The 'BARKING OWL' always has something to say, and like the feathered version, can be either WISE...............or ANNOYING!

Saturday, May 26, 2012

The Proverbs 31 Project: Commenting May 26th on Proverbs 26:9-12

[If you have been here before, in May, then you might want to skip down below the green for today's post.]

"Thirty days hath September, 
April, June and November
All the rest have 31
Except February which has 28
Except during leap year when it has 29"

NO I DID NOT WRITE THIS "POEM"!  (Talk about free verse!)

Why didn't somebody just point out that the four months that do NOT have 31 days (except February, and everyone knows all about February The Exceptional) come every other month except that there is no 30 day month between July and August?  The silly poem above mixes up the order just to hide the fact that the real 30 day months come in two orderly pairs: April/June and September/November.  Can somebody please write a non-silly poem for us that will make this clear, and stick in our minds, but without gooping them up with exceptions (and please just leave February out of it!)?

And to make matters (far) worse, MILLERWRITES has created a Proverbs Pull-A-Part Plan that decimates that fine collection of wisdom in the book of Proverbs, by spreading commentary on each chapter out over 7 months (the good 31 day months)!  Oh don't ask me to explain his system.  You can try to decipher what he said about it at the top of any P31P posts from January or March if you like, or just follow along this month and figure it out.
All Bible passages are from the NIV, and are copied here from

REMEMBER: My ideas may be oh so mesmerizing, but you will get more benefit from simply reading the chapter itself!

So here I offer my amateur comments on verses 9-12.  Today's inspired verses are in red, and my comments are neither       (neither inspired, nor red).


1 Like snow in summer or rain in harvest,
honor is not fitting for a fool.
2 Like a fluttering sparrow or a darting swallow,
an undeserved curse does not come to rest.
3 A whip for the horse, a bridle for the donkey,
and a rod for the backs of fools!
4 Do not answer a fool according to his folly,
or you yourself will be just like him.
5 Answer a fool according to his folly,
or he will be wise in his own eyes.
6 Sending a message by the hands of a fool
is like cutting off one’s feet or drinking poison.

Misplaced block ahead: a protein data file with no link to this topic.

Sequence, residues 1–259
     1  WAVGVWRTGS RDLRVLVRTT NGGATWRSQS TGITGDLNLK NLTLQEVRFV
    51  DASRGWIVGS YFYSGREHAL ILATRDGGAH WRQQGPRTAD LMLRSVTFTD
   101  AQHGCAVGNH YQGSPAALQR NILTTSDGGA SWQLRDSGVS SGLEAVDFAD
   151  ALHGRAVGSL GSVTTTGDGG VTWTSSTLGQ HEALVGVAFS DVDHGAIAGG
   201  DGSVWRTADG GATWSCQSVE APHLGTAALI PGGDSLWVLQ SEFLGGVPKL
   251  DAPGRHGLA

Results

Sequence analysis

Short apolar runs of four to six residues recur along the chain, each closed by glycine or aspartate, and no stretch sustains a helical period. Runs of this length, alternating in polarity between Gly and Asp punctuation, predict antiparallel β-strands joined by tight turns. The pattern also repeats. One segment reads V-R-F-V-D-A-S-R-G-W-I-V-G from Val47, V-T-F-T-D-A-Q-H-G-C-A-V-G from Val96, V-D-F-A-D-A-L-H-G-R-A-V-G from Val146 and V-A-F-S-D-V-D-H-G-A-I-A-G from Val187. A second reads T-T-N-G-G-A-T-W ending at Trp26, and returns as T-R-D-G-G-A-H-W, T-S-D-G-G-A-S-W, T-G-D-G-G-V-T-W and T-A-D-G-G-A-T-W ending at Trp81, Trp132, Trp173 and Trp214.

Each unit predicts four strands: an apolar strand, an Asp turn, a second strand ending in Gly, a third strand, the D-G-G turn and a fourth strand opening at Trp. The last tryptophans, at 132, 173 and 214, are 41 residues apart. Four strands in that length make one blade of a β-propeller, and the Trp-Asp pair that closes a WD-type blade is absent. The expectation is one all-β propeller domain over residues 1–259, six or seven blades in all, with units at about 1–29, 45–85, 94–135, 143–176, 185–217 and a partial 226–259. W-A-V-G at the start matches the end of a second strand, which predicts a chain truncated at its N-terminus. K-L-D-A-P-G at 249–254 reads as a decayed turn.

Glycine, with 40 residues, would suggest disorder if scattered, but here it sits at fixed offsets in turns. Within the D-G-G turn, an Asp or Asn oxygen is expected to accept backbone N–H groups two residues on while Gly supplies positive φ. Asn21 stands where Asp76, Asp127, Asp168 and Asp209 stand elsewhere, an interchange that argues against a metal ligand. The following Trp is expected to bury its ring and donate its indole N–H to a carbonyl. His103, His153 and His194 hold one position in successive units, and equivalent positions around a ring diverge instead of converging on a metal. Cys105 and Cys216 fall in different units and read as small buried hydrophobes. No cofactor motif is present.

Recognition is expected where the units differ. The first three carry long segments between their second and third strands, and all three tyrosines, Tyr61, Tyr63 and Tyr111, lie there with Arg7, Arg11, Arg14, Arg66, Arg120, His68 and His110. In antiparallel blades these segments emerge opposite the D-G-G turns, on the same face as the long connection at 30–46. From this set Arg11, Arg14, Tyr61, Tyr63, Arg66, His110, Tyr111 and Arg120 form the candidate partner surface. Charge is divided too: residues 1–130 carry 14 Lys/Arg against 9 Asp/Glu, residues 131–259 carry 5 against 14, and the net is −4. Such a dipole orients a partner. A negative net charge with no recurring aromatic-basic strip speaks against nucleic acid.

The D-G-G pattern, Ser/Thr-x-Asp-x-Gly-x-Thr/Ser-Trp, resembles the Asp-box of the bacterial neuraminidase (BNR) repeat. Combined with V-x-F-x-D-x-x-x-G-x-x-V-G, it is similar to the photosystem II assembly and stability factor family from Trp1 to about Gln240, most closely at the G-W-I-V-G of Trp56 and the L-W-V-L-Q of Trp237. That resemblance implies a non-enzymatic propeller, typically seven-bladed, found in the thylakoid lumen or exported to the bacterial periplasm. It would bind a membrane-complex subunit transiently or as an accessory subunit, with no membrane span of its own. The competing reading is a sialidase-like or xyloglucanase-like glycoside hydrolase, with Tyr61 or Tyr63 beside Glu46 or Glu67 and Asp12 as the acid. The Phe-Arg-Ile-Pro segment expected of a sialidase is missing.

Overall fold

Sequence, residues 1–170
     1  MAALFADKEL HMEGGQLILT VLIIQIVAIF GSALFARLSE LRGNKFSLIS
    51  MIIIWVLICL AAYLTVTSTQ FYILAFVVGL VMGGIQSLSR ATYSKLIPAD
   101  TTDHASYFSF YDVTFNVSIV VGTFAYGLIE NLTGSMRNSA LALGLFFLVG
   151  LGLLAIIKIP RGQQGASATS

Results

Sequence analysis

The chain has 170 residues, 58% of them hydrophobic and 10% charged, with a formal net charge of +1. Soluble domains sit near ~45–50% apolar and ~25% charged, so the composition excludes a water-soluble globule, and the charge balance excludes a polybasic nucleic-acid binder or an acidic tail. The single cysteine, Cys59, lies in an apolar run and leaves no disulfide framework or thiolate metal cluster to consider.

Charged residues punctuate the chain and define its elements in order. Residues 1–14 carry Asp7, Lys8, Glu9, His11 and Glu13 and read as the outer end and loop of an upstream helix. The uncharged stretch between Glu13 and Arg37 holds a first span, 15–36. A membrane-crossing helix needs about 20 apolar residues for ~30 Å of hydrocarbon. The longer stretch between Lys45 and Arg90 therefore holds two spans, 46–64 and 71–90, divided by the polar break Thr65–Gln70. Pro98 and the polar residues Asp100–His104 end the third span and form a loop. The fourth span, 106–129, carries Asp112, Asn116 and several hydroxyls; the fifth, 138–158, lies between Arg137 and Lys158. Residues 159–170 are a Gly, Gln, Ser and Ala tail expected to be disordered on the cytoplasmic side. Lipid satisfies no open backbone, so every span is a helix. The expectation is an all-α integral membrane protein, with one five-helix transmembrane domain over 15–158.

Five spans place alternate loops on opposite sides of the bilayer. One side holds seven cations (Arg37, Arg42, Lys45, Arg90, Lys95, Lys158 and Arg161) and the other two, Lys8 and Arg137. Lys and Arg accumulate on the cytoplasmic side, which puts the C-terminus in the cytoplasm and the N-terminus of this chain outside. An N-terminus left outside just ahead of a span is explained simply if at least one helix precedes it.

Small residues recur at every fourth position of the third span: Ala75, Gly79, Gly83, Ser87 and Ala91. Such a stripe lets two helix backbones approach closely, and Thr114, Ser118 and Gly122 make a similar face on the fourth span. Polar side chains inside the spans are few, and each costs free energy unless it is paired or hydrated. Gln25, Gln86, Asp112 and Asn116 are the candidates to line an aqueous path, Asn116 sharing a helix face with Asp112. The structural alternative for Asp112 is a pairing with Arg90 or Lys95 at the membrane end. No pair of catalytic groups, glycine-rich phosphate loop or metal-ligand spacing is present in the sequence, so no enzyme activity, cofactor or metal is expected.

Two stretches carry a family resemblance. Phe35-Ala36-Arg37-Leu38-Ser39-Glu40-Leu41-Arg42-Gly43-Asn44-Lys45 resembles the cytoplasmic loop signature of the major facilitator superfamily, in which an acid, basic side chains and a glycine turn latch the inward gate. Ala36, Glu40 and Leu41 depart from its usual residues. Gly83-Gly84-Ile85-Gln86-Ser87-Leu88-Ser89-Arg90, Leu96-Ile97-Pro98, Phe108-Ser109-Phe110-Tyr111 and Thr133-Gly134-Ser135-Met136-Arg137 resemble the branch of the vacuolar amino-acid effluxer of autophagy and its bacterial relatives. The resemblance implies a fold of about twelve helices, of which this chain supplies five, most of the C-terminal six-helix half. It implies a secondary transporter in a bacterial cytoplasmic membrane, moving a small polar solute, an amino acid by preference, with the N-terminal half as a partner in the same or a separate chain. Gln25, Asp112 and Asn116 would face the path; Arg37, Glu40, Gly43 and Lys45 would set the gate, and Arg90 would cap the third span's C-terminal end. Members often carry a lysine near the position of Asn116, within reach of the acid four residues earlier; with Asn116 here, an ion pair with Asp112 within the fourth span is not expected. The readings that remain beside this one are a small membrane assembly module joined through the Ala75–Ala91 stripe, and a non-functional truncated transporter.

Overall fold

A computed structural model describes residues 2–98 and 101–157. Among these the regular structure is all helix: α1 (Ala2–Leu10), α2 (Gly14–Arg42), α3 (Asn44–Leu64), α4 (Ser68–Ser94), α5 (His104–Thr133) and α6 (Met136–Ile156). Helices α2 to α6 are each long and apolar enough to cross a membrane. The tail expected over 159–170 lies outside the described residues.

7 Like the useless legs of one who is lame
is a proverb in the mouth of a fool.
8 Like tying a stone in a sling
is the giving of honor to a fool.

9 Like a thornbush in a drunkard’s hand
is a proverb in the mouth of a fool. 

9) Isn't good imagery a fantastic thing?  This word picture, of a  "thornbush in a drunkard’s hand", is very scary.  And then to compare THAT to what seems so simple, "a proverb in the mouth of a fool" is very telling.  We begin to imagine how hurtful it is to use a proverb carelessly.

10 Like an archer who wounds at random
is one who hires a fool or any passer-by.

10) Some kids in Wisconsin did this recently.  One shot an arrow and hit a 10 year old girl in the back, and then they ran away pretending nothing happened.  Fortunately, their sin did find them out.  But the point of the proverb is that people are not all the same.  All are equally made, and have the same rights, but not all are equally qualified to perform a specific task.  Discernment (egad, even JUDGEMENT) is necessary before hiring, before honoring, before celebrating, before marrying; indeed before making any personal commitments.

11 As a dog returns to its vomit,
so fools repeat their folly. 

11) I object strongly (read: scream) when I see my dog do this gross thing!  But to her it's some kind of natural instinct (I guess).  Would that she would interfere (read: bark savagely) when I am about to repeat one of my natural follies!

12 Do you see a person wise in their own eyes?
There is more hope for a fool than for them.

12) I just heard a message this week about self-confidence.  It is oft promoted, but Mary Whelchel suggests that it is greatly overrated.  We are better off living our lives with "God-confidence" because the self will certainly fail us.

13 A sluggard says, “There’s a lion in the road,
a fierce lion roaming the streets!”
14 As a door turns on its hinges,
so a sluggard turns on his bed.
15 A sluggard buries his hand in the dish;
he is too lazy to bring it back to his mouth.
16 A sluggard is wiser in his own eyes
than seven people who answer discreetly.

17 Like one who grabs a stray dog by the ears
is someone who rushes into a quarrel not their own.

18 Like a maniac shooting
flaming arrows of death
19 is one who deceives their neighbor
and says, “I was only joking!”

20 Without wood a fire goes out;
without a gossip a quarrel dies down.
21 As charcoal to embers and as wood to fire,
so is a quarrelsome person for kindling strife.
22 The words of a gossip are like choice morsels;
they go down to the inmost parts.

23 Like a coating of silver dross on earthenware
are fervent[a] lips with an evil heart.
24 Enemies disguise themselves with their lips,
but in their hearts they harbor deceit.
25 Though their speech is charming, do not believe them,
for seven abominations fill their hearts.
26 Their malice may be concealed by deception,
but their wickedness will be exposed in the assembly.
27 Whoever digs a pit will fall into it;
if someone rolls a stone, it will roll back on them.
28 A lying tongue hates those it hurts,
and a flattering mouth works ruin.

By the way...MILLERWRITES copy is COPYRIGHTED. Why cut and paste when you can simply copy the link?

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